Notebook: Blocks and 3-Pointers

Find out how Jameel McKay has proven to be a rim protector for Iowa State and how the Cyclones make an attempt at avoiding long 2s

McKay evolving into Iowa State’s rim protector

Jameel McKay sat and pondered for a moment Saturday as teammate Monte Morris sat on the other end of the table and laughed. The 6-foot-9 big man has been described since his arrival as the first rim protector of the Fred Hoiberg era.

McKay has made his presence known offensively with thunderous dunks. Defensively, he’s certainly lived up to the rim protector moniker with 34 swats in only 15 games (three starts).

So, McKay was asked, does he prefer a big dunk or big block?

“That’s a good question,” McKay said, pausing, and then finding his answer. “I’d rather have a good block because it’s more of a team statistic. It helps keep them from scoring. Nine times out of 10 if you get a good block it leads to something good on the other end.”

There may be no ‘Points off Blocks’ statistic in the same way as there is for turnovers, but McKay’s length in the middle has certainly paid dividends for Iowa State. His 34 blocks, even while missing the season’s first nine games, is not only a team-leading mark, but is also a staggering one.

Melvin Ejim led Iowa State in the blocks category last season when the Big 12 Player of the Year swatted 23 shots. Ejim accomplished that feat in 34 games, more than double what McKay has appeared in so far this season.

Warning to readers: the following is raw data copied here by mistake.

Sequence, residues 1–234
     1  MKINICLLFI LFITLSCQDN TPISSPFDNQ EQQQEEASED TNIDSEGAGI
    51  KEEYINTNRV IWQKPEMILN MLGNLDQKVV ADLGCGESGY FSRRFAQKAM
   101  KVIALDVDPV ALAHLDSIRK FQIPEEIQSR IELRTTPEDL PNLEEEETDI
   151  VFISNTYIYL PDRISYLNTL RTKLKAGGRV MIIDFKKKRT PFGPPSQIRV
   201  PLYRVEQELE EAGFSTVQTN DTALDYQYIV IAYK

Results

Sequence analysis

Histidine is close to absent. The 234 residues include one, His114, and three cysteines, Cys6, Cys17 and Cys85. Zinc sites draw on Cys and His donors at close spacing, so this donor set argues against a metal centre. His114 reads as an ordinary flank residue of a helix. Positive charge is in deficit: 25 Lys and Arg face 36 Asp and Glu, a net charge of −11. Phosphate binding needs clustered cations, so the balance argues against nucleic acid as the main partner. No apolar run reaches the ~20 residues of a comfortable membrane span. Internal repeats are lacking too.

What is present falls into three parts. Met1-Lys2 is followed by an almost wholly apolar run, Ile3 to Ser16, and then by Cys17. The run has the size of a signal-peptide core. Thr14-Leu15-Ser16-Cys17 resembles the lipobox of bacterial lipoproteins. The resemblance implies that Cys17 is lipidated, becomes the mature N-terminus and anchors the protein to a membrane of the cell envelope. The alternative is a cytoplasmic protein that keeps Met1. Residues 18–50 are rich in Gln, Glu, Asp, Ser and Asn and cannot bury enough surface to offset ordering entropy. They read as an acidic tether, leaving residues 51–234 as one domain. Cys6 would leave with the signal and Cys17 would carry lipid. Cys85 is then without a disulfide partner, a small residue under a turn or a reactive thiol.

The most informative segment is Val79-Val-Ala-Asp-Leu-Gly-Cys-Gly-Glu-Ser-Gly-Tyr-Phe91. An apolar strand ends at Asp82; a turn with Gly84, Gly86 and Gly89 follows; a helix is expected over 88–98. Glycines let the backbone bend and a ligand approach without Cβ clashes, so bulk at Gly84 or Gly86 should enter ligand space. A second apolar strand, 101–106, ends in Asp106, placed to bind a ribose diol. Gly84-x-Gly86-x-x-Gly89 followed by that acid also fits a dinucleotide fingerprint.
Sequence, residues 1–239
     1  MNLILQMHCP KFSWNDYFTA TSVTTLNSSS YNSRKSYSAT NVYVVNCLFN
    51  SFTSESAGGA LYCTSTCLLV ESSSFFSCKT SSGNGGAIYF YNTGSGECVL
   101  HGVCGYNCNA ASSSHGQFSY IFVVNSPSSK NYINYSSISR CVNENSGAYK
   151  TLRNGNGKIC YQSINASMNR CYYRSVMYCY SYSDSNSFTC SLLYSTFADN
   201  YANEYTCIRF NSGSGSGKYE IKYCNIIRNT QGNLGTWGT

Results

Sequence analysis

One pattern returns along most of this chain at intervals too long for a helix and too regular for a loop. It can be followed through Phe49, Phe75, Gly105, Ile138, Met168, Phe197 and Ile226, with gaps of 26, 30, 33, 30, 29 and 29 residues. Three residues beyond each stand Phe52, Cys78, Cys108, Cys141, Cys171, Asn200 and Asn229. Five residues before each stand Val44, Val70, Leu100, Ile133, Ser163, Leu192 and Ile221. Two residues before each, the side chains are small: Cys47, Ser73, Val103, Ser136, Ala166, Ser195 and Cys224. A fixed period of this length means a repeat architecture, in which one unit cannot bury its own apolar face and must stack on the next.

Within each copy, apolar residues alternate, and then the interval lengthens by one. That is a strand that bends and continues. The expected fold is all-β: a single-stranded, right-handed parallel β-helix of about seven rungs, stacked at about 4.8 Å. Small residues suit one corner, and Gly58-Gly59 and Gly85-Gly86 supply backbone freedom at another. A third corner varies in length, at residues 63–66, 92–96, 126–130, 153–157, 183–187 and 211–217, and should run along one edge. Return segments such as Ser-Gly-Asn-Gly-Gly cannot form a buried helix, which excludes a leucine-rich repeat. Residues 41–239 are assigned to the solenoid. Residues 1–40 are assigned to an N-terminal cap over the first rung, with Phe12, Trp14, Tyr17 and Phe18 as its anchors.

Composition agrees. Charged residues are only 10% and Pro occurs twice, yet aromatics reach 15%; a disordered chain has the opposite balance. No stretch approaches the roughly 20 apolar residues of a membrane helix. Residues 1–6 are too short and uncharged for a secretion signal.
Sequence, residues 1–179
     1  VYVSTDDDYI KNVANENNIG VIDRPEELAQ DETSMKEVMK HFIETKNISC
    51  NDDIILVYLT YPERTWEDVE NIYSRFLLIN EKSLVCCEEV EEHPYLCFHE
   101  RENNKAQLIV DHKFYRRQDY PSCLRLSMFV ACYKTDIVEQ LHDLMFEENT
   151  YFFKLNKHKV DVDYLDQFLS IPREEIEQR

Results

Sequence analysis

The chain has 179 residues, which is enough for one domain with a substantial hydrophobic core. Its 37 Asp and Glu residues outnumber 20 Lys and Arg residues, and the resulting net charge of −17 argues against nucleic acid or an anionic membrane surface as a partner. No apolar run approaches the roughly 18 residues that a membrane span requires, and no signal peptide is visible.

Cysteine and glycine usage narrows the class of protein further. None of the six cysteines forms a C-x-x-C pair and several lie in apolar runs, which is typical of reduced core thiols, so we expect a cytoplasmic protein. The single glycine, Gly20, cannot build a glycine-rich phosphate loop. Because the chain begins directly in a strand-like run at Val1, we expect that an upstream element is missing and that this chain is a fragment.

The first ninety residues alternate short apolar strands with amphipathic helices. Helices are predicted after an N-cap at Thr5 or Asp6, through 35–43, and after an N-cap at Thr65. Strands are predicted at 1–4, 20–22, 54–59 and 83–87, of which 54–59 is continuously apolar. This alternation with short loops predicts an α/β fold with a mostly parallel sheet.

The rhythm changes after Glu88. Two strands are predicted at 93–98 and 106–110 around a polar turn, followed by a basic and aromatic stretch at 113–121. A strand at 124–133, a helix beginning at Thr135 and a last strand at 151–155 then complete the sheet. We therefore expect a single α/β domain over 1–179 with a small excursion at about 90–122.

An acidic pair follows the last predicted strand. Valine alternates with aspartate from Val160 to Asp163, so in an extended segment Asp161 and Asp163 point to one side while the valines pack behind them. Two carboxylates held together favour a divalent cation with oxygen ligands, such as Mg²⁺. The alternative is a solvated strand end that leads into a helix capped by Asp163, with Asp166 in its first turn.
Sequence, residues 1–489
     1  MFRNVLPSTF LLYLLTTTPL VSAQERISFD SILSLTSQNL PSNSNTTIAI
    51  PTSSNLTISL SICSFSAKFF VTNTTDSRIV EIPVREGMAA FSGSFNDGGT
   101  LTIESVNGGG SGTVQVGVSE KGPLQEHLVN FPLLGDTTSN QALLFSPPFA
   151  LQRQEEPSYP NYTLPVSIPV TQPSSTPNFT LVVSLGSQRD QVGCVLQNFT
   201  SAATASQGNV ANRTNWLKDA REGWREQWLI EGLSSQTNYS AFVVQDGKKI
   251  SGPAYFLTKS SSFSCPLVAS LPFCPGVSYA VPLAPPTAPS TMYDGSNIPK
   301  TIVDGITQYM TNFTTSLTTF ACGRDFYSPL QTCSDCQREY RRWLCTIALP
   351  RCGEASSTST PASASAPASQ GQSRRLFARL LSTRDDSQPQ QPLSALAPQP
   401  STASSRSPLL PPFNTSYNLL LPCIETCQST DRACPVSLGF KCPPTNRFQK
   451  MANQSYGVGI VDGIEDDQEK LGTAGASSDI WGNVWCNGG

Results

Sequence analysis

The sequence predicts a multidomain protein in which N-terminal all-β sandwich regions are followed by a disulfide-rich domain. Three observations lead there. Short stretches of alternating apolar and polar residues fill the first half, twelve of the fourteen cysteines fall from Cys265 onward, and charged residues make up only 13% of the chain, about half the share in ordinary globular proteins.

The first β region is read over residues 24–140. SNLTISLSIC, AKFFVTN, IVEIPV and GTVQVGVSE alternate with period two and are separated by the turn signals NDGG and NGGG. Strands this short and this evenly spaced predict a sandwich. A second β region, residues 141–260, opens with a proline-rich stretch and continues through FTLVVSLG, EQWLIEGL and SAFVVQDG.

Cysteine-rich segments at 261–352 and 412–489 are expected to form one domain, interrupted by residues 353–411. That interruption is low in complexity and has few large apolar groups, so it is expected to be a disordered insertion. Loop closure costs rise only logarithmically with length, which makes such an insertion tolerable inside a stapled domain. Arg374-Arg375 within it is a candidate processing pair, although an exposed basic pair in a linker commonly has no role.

McKay has already broached the top-20 (tied at No. 18) for blocks in a season in Iowa State history in limited action. He blocked five shots in Saturday’s win to tie a career-high and is on pace to crack the top-10 by season’s end (No. 6 is 51) if he averages the 2.3 blocks per game in the minimum eight games Iowa State figures to have remaining (six regular season, one Big 12, one NCAA).

“He impacts the game in so many ways,” coach Fred Hoiberg said Saturday after the Cyclones topped West Virginia. “To have five blocks, countless others that he affected in there. We were able to outscore a team that’s really good in the paint, 32-20. A lot of that has to do with Jameel McKay.”


Hoiberg expounds on 3-pointers vs. long 2s

When Bryce Dejean-Jones arrived in Ames from Las Vegas, one of his first conversations with Fred Hoiberg was about moving a few inches back to shoot 3s rather than long 2s.

Hoiberg's distaste for long 2s certainly has not gone under the radar.

At the Sukup Basketball Compex on the west side of Ames, Iowa State has plotted onto the hardwood, with white tape, an NBA 3-point line. The line is not for players to take deep 3-pointers — although Naz Long admits they’re tempting — but is rather used for spacing and to prevent long 2s.

“A lot of it is just repetition,” Hoiberg said. “We try to keep guys behind [the NBA line] so when you get your momentum going into your shot you’re not on the line, you’re just in front of the line. You want to try to avoid those shots. We’ve done a pretty good job throughout the year.”


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